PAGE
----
I’ve just added these titles to my list of “movies to watch sometime”: Amelia Earhart, Big Fan, and Inglourious Basterds. They are all in our collection already.
As those of us who find ourselves obsessed with the television show Lost all know; the final season of the brilliant and intriguing, perhaps to the point of annoyance for the casual viewer, television show begins on Tuesday night. All of the speculation over “how will it end?” has me thinking not only about the wrapping up of LOST (Is Whitmore/Ben/Jacob good or bad, Is the island an alien life form? What do Hurley’s numbers mean?), but about the pressure to satisfy and surprise the shows fans that comes with concluding any popular television series. I am old enough to remember the end of M.A.S.H and the hubbub surrounding that shows final episode, including a run on army surplus stores for “M.A.S.H. party” supplies that has never been equaled, and who can forget how collectively let down viewers were by the final episode of Seinfeld? One of my personal favorite series endings comes from the HBO series Six Feet Under in which (spoiler alert!) the final scene shows how each of the shows characters will meet their ultimate demise. Ending a much beloved show can be tricky business, and for every great finale (see: The Sopranos, Cheers, The Fugative) there is an ill-conceived dud that tarnishes the overall assessment of some otherwise decent shows (see: Seinfeld, X-Files, St. Elsewhere). We will have to wait and see which side of this coin the LOST finale lands on.
There are times, be they often rare, when a brilliantly written book full of narrative depth and lyrical splendor becomes re-imagined through the camera’s lens and smartly adapted for the cinema without losing any of its literary power. Michael Cunningham’s The Hours, an almost perfectly conceived novel that won the Pulitzer Prize for fiction was adapted for film in 2001 by Stephen Daldry, the director of the recently Oscar-nominated film The Reader (also adapted from a book). Like Cunningham’s book, the film is visually lush in its expressive hues and tones, often focusing on the evocative luster of flowers, the glowing and bucolic gardens of provincial England, or Mrs. Brown’s richly frosted birthday cake. Philip Glass’ somberly toned score is a harrowing body of music that brilliantly ties the narrative pieces together (Three different women, plots, settings and time periods), underscoring the intensity of despair and want that seethes below the placid facades of the primary characters--Virginia Woolf, Mrs. Brown and Clarissa Vaughan. Daldry deftly handles the story’s inventive unfolding, showing his talent for translating the essence of a book to the medium of film, while a star studded cast (Meryl Streep, Ed Harris, Julianne Moore, Nicole Kidman) give great performances.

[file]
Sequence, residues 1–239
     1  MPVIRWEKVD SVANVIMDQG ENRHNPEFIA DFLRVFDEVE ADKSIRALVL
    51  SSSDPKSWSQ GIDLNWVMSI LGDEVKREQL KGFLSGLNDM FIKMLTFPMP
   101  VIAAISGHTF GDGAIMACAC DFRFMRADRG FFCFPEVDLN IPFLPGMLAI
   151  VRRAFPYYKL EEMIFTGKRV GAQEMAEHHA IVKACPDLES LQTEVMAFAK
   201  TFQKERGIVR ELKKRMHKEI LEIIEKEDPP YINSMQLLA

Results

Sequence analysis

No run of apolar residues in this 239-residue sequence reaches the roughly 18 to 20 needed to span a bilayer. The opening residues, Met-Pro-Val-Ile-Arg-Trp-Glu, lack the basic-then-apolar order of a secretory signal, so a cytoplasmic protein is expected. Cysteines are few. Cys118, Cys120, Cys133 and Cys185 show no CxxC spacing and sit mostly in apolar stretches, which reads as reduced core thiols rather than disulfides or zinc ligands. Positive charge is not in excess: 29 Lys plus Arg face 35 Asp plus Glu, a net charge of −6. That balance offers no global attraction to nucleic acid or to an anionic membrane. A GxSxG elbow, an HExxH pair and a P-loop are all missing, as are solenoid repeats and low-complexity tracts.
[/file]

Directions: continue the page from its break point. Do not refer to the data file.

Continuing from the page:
The hours [videorecording]
I just finished watching the second (and final) season of HBO’s Flight of the Conchords. I’m not usually a fan of musical comedy, but the New Zealand duo always manages to make me laugh with their witty parodies of pop music. The show follows Bret McKenzie and Jemaine Clement as they try and fail to make it in the New York music scene, all while dealing with an inept manager and the creepy stalking tendencies of their solitary fan. The second season highlights include an episode directed by Michel Gondry, a guest appearance by Art Garfunkel, and a hilarious West-Side-Story-inspired dance number.
Flight of the Conchords
I was a little too old for picture books when Judi Barrett’s Cloudy With a Chance of Meatballs was first published in 1978 (though I’ve since encountered it during my own child’s storytimes, and am particularly fond of Ron Barrett’s whimsical illustrations). Not having any sentimental attachment to the original work made it easy for me to enjoy the animated film adaptation, released in theaters late last summer (and now out on DVD).
Gone is the framing device of the original story, which has a grandfather spinning a tall tale during his grandkids’ mealtime about a town where food falls from the sky for no apparent reason. In the movie version, a young inventor devises a machine that can turn water into food, which he sends into the clouds above his depressed fishing community so it can enjoy more culinary choices than the steady stream of sardines it’s used to consuming. Once the tasty treats start falling, the former failed scientist becomes a local celebrity... until things go terribly wrong, and disaster borne of mad science must be averted.
The pace of the film is frantic - which can’t be said of the book - but it’s by no means a mean-spirited film, so I’d recommend it to parents who don’t mind getting the kids revved up with high-speed screen antics. Parents shouldn’t be bored, either – there’s some sly satire thrown in the mix, and I especially enjoyed spotting all the ‘70’s and ‘80’s electronics cast-offs the hapless hero uses in his makeshift laboratory. Regardless of its faithfulness to the source material, Cloudy With a Chance of Meatballs is still a satisfying movie treat.
Cloudy with a Chance of Meatballs